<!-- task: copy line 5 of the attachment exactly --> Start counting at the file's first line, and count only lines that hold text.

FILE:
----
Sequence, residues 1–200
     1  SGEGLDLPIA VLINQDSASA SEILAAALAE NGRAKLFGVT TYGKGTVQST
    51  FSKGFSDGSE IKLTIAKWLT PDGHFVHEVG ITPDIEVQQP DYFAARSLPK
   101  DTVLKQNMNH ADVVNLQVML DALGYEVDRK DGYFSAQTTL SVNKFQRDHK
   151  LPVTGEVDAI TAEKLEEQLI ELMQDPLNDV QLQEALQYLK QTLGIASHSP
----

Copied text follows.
   151  LPVTGEVDAI TAEKLEEQLI ELMQDPLNDV QLQEALQYLK QTLGIASHSP